I wanted to touch upon the subject of soaps and hand washing.
The last time I was at the market, I got a lot of questions about Coronavirus and people asking if I made antibacterial soap. Understandably, we are all scared and confused and there has been mass panic to buy hand sanitiser, to the point where there is none left in the shops.
The thing is, soap is naturally antibacterial anyway, but the key point is, coronavirus is a virus, it’s not a bacterial infection. One of my lovely customers, who is also a chemistry student explained very eloquently that handwashing with normal soap is effective at destroying Covid-19 cells, as the properties in soap breaks down the membrane of the virus’ cell
I read a really good piece in The Guardian on soap, which prompted me to write this blog, written by Pall Thordarson who is a Professor in Chemistry at the University of New South Wales and I wanted to share an extract as I think it will help settle some of the worries I’ve been hearing lately.
The science of soap
Professor Thordarson writes: “So why does soap work so well on the Sars-CoV-2, the coronavirus and indeed most viruses? The short story: because the virus is a self-assembled nanoparticle in which the weakest link is the lipid (fatty) bilayer. Soap dissolves the fat membrane and the virus falls apart like a house of cards and dies – or rather, we should say it becomes inactive as viruses aren’t really alive.”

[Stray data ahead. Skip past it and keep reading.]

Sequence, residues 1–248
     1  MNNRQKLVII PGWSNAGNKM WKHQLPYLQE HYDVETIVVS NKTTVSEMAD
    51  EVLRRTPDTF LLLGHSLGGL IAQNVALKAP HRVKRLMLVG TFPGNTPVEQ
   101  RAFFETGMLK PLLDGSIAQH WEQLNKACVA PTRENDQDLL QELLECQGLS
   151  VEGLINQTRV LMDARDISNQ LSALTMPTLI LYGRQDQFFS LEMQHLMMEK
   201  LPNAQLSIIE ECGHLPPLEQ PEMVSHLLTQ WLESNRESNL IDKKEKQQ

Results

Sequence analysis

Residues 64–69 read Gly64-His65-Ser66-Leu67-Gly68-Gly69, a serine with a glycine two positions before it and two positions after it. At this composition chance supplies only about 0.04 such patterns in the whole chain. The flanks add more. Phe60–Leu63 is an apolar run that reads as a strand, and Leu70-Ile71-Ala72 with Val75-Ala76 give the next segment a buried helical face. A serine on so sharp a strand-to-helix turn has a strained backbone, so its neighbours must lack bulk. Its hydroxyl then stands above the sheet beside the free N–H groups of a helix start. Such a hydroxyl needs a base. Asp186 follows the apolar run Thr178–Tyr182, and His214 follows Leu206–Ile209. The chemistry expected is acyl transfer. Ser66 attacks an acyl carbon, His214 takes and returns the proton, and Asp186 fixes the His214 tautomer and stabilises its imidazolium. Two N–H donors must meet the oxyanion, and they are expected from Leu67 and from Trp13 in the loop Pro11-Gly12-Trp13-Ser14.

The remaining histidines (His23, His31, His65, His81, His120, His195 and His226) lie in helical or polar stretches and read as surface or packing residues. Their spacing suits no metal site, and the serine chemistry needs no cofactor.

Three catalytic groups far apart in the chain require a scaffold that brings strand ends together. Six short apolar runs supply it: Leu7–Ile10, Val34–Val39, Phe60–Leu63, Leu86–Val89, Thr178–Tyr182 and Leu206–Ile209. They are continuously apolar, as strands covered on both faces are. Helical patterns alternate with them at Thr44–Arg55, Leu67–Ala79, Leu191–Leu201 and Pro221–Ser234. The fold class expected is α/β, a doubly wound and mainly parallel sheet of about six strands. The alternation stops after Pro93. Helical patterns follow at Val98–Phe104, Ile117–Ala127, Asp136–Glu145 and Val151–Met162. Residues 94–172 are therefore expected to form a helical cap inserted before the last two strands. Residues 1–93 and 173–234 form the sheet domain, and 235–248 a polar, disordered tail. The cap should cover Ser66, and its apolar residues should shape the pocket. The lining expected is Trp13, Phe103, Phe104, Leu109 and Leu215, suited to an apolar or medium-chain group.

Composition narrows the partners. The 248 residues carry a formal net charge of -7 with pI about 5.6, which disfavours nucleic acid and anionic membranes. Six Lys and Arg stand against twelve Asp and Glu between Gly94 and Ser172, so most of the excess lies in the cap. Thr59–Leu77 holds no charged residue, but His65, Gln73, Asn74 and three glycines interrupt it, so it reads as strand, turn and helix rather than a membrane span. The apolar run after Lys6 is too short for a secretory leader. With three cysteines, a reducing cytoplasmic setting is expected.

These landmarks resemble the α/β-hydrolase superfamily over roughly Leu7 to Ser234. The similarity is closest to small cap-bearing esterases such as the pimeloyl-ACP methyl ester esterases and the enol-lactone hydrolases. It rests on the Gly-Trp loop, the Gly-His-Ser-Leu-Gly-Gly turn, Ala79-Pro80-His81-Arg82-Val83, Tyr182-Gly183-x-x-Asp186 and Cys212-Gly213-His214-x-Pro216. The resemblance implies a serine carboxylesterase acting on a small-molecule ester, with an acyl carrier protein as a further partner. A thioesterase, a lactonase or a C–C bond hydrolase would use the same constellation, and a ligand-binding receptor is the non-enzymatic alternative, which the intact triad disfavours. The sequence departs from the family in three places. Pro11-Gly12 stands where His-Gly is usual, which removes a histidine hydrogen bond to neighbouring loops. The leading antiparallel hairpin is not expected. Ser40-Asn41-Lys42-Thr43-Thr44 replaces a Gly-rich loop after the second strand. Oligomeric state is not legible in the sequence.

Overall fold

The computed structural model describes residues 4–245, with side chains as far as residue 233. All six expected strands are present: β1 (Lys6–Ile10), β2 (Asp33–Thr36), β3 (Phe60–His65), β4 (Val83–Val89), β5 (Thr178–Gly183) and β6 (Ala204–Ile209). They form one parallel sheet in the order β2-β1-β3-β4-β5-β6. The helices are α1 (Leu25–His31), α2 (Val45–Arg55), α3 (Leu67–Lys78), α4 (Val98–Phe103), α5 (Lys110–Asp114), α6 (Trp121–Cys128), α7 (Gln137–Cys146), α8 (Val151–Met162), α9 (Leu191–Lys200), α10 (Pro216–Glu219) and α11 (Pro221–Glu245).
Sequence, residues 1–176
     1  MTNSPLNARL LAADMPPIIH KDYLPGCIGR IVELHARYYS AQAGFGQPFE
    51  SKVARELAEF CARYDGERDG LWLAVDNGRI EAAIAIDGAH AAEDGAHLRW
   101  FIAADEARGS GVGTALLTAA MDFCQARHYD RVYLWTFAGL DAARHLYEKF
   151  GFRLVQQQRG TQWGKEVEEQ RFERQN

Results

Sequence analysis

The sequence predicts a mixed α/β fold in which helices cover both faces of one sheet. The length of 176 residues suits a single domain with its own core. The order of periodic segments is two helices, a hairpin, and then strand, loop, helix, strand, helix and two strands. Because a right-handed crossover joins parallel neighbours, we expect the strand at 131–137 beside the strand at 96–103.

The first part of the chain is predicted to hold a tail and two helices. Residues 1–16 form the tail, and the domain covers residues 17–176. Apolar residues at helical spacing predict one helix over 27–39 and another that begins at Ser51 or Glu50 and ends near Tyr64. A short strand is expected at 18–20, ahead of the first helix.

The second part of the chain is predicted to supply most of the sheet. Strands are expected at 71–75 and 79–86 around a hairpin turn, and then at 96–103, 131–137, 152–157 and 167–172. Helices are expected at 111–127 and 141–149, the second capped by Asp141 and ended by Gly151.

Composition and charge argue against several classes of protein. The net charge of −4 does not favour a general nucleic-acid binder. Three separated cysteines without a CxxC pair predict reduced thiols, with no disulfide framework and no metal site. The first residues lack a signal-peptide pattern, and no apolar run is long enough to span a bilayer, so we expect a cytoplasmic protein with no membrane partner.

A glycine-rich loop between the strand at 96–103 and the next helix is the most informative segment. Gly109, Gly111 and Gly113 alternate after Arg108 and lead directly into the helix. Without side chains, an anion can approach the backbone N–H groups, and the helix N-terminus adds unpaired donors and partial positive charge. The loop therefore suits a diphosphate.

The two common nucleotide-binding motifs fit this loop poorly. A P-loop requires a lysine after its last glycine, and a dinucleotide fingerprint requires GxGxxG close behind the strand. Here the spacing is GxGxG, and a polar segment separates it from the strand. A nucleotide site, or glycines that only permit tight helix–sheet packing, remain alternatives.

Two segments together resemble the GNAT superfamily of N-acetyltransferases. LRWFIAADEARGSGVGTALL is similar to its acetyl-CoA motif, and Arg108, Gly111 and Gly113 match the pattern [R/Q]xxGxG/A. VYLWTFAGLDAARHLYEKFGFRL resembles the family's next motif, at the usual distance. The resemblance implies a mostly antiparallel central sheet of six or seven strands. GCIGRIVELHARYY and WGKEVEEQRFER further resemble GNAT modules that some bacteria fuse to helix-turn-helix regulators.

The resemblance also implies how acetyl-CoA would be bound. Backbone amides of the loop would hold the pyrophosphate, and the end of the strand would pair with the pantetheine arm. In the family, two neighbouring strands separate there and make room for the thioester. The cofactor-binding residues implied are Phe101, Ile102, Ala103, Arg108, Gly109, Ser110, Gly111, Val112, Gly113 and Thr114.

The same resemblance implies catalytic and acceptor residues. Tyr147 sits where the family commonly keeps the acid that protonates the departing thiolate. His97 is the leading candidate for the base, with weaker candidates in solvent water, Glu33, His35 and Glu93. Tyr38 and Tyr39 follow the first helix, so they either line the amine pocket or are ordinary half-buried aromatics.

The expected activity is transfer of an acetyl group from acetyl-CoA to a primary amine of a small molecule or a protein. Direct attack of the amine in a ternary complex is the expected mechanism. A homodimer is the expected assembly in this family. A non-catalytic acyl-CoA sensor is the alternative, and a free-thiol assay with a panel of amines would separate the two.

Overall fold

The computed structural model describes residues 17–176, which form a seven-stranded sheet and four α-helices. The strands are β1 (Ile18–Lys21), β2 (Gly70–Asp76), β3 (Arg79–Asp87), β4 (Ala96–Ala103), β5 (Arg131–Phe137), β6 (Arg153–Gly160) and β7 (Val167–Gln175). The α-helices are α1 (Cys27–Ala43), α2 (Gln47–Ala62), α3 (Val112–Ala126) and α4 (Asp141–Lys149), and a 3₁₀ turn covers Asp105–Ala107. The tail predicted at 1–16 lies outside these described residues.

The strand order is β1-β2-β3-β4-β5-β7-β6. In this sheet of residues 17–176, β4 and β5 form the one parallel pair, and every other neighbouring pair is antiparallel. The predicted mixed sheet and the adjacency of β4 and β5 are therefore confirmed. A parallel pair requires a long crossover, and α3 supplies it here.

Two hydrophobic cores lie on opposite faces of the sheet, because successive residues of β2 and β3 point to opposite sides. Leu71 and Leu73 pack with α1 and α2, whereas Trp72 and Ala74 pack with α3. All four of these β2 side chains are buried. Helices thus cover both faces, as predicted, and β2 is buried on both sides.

The quote above is great to answer another question I have been getting lately, ‘Can the virus live on the surface of soap?’ Professor Thordarson’s explanation highlights that soap effectively obliterates the virus cells when it comes into contact with them.
Talking about soap and alcohol gel, Professor Thordarson continues: “But soap is better because you only need a fairly small amount of soapy water, which, with rubbing, covers your entire hand easily. Whereas you need to literally soak the virus in ethanol for a brief moment, and wipes or rubbing a gel on the hands does not guarantee that you soak every corner of the skin on your hands effectively enough.”
I am not a scientist and I cannot claim to give medical advice, but it is clear that frequent hand washing is necessary and if you are out and about, then hand sanitiser is a good substitute when it is not practical to wash hands with soap and water.
Of course, it is wonderful to see so many people discovering the many benefits of natural handmade soap, kinder to skin thanks to the gentle ingredients. Also, with the increased use of soap bars there will be less plastic being consumed, making it a much more environmentally friendly alternative to soap in plastic bottles and wrapping, something which is extremely important to us here and one of our main drivers as a business.
Stay safe everyone and keep those hands clean. For anyone interested, here is the link to the Guardian article: https://www.google.co.uk/amp/s/amp.theguardian.com/commentisfree/2020/mar/12/science-soap-kills-coronavirus-alcohol-based-disinfectants
Clare @ Skyn Bakery x